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The large company sales cycle  

Here's a three-part (1, 2, 3) article giving a good overview of the process of selling to large companies, why it's such a pain, why startups are at a natural disadvantage when compared to larger competitors, and what they can do about it.

The whole series is full of useful information, so I'll quote just one paragraph and let you read the rest on the Favo.rs Blog.

One of the biggest mistakes startups make when selling to enterprise customers is to focus almost entirely on optimizing price and features for those customers. While price and features are important for the enterprise customer, chances are that you're within the range of acceptability for both of these. Where you fail as a startup, however, is passing the enterprise customer's "Will this product f&%# up my systems?" test. In other words, is the product or service you sell reliable in its own right…and is there the risk that it might mess up other critical systems already in use at the customer? Believe us - nobody wants to be the person who brought down their entire company's network because they purchased faulty software from an unknown startup. And, as they say in the industry, "Nobody ever got fired for buying from IBM." So how do you alleviate this fear on the part of your potential customers? You need to provide credible risk reduction in the form of customer testimonials and passionate dedication to customer service (fix bugs fast!). It also helps if you can partner with a larger organization that already has an existing relationship with the customer to bring your product in (hey, you might even try partnering with a larger competitor). Ultimately, however, you can't get over the fact that the customer will need to take time to become familiar with your product, either through their own use or hearing about others' use, before they have a comfort level that it won't cause serious problems. In our experience, this can potentially add months to a sales cycle depending on the size and risk adversity of the customer in question.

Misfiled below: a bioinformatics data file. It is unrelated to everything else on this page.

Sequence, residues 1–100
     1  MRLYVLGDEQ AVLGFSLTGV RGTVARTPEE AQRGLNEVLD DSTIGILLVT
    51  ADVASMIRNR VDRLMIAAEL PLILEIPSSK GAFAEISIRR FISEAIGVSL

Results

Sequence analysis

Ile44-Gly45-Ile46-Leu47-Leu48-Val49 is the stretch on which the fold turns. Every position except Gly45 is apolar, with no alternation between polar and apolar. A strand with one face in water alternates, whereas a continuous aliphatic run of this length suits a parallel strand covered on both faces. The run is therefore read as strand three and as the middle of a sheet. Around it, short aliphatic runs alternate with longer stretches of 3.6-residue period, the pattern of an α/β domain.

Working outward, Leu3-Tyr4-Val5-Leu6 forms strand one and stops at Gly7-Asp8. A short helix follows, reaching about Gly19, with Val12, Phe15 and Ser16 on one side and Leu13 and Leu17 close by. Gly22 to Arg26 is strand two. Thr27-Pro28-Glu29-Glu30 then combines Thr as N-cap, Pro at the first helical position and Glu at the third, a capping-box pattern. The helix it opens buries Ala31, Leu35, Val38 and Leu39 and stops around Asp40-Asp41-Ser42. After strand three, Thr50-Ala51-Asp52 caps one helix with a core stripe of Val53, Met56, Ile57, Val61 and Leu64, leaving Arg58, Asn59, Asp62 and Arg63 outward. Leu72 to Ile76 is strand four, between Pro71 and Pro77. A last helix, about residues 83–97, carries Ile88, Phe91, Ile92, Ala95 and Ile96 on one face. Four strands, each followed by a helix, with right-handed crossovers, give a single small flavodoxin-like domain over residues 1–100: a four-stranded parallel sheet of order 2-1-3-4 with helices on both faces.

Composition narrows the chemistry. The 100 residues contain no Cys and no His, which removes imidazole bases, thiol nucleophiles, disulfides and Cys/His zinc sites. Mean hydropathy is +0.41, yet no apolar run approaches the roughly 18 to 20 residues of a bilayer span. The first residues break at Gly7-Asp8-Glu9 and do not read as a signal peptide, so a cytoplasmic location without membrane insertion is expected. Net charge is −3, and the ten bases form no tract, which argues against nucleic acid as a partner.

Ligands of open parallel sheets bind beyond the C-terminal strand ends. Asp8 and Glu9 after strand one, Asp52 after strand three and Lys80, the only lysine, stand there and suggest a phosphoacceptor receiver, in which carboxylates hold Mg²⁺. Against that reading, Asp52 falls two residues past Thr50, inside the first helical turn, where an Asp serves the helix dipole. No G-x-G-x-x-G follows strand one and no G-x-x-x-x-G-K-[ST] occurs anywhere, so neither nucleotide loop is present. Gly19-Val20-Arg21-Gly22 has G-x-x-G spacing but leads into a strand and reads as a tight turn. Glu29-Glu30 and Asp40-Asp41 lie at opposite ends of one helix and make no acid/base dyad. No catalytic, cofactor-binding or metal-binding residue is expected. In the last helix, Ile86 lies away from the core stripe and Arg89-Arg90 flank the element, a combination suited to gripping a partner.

More from the library:
What kind of startup should you copy?
The head of X
Where does the customer's story actually begin?